planet as a suitable habitat for life.
McMichael, A.J. (2001) Human Frontiers, Environments and Disease:
Past Patterns, Uncertain Futures. CUP (Cambridge, UK).
ISBN 0 521 00494 2 (pbk).
- This is not a book about complex systems science although it does
note the potential of complexity theory for shedding light on some of the
issues. Apart from the explicit topic, this book is a beautiful example
of the need to take a systems approach to complicated problems. For example,
he notes the differing perspectives of a doctor with a particular patient,
a public health official managing issues such as antibiotic resistance,
immunisation programs etc, and an evolutionary biologist studying the
co-evolution of diseases and societies.
Mandelbrot, B.B. (1977) Fractals: Form Chance and Dimension
W. H. Freeman (San Francisco). ISBN 0-7167-0473-0
This is the book that introduced "fractals" (both the term and
the concept) to the English-speaking world. Fractals are
objects with structure on all scales.
Morgan, M.G. and Henrion, M. (1990) Uncertainty:
A Guide to Dealing with Uncertainty in Quantitative Risk and
CUP (Cambridge, UK). ISBN 0-521-42744-4 (pbk).
Not specifically complex systems, but the comprehensive
scope (over the different types of uncertainty) make it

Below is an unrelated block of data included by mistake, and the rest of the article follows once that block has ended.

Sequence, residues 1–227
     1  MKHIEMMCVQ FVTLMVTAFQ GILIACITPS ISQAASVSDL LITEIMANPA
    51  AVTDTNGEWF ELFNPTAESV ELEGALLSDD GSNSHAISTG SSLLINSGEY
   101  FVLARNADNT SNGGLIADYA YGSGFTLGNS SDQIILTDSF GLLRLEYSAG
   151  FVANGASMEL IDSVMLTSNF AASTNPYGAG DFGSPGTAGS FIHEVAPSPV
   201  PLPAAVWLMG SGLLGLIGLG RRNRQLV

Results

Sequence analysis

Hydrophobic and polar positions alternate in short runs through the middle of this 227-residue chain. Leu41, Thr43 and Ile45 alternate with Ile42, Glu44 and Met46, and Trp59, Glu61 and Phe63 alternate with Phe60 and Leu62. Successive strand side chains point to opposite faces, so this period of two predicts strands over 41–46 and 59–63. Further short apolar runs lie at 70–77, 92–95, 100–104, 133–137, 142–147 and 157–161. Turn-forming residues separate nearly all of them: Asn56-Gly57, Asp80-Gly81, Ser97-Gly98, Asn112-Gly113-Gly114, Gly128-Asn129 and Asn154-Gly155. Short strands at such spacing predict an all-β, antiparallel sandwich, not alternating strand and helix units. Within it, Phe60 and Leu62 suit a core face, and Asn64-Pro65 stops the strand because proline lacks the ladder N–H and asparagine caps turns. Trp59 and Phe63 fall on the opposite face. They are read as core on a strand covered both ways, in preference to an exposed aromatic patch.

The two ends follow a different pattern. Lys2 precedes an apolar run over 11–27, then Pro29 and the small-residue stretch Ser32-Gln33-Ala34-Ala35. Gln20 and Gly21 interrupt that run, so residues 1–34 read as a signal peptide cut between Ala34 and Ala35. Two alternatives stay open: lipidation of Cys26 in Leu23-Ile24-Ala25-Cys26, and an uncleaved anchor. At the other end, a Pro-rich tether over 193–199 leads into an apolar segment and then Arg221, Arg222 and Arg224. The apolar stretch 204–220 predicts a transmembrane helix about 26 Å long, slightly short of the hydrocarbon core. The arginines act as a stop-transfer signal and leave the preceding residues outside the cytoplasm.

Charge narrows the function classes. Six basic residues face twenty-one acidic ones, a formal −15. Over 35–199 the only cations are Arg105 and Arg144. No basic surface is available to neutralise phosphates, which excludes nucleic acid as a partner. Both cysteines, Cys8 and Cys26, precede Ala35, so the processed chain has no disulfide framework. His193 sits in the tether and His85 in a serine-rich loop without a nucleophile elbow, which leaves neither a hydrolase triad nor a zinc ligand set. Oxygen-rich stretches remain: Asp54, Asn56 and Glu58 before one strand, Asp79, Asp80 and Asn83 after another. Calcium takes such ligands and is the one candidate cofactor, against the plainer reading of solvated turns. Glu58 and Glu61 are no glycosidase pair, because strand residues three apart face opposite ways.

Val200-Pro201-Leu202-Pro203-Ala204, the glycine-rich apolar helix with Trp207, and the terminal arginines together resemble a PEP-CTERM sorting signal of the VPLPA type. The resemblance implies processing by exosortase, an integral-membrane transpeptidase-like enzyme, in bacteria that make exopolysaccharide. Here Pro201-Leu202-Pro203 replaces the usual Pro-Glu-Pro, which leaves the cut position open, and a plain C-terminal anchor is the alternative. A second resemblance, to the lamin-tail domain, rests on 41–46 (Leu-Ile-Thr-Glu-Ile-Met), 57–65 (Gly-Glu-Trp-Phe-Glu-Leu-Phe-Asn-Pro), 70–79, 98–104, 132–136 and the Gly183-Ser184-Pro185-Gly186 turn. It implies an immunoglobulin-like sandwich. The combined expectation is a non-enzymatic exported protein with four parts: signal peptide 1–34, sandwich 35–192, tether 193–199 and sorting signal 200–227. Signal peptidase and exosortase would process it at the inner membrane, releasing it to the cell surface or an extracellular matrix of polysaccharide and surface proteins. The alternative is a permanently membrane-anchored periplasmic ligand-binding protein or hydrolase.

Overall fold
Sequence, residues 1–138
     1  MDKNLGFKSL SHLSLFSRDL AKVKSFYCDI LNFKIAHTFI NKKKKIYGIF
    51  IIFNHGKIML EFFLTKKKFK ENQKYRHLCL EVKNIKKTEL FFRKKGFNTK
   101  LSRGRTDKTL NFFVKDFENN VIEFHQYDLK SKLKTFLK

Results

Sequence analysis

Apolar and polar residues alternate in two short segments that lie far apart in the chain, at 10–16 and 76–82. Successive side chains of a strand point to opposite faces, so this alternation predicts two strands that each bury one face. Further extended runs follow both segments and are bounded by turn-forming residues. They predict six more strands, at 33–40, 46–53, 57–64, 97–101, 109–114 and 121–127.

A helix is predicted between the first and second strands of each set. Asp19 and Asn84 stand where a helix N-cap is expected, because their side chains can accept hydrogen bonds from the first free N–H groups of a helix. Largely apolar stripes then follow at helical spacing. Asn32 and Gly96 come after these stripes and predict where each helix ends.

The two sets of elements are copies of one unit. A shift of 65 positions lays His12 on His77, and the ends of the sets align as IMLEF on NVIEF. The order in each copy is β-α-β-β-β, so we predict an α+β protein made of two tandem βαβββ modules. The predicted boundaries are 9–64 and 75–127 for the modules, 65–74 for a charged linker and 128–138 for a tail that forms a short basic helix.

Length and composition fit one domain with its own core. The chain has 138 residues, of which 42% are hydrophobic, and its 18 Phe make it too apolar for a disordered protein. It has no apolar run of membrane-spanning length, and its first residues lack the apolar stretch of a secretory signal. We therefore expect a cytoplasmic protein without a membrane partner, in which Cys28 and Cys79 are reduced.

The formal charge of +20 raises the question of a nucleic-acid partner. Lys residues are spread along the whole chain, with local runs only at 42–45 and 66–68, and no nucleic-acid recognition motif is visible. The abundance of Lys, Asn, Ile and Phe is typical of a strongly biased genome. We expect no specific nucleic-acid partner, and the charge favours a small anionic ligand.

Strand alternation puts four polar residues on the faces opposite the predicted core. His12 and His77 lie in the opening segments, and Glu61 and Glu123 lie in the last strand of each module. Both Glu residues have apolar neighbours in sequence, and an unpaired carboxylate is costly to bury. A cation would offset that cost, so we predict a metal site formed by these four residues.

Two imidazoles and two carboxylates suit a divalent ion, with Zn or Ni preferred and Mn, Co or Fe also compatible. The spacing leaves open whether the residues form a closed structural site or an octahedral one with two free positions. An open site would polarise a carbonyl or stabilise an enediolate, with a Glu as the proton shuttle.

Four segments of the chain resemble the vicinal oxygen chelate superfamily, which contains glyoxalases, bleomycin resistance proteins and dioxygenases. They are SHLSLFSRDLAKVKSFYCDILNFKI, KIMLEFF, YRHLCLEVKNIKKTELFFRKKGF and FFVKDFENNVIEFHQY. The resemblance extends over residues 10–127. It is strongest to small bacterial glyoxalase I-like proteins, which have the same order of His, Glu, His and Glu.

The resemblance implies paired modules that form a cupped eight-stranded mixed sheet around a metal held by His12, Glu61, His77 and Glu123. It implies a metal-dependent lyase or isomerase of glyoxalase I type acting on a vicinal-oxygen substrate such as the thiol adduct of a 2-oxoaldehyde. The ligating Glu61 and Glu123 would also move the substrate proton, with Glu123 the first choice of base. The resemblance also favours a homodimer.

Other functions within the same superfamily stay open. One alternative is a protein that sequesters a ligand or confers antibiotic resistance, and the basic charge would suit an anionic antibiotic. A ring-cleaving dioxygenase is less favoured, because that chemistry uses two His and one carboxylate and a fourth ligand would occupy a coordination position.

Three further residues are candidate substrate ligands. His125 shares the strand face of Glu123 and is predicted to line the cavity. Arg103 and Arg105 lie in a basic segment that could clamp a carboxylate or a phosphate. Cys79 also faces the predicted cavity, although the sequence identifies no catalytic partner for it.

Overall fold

very valuable for anyone working with a real-world complex system.
Sornette, D. (2000) Critical Phenomena in Natural Sciences: Chaos,
Fractals, Self-Organization and Disorder: Concepts and Tools. Springer
- This book is really about statistical physics rather than complex
systems science. However since many aspects of complex systems science
draw on concepts from statistical physics, this book is a valuable resource.
The topics include: power-law distributions, fractals and multi-fractals,
spin models and transitions, percolation models, rupture models, power-law
mechanisms, self-organized criticality, and random systems.
Stauffer, D. and Aharony, A. (1991) Introduction to Percolation
Theory. (2nd edition, 1991. First edition was Stauffer)
- This is a good general introduction to percolation theory, with
mathematical descriptions, but without extensive mathematical derivations.
Sterelny, K. Dawkins vs Gould: Survival of the Fittest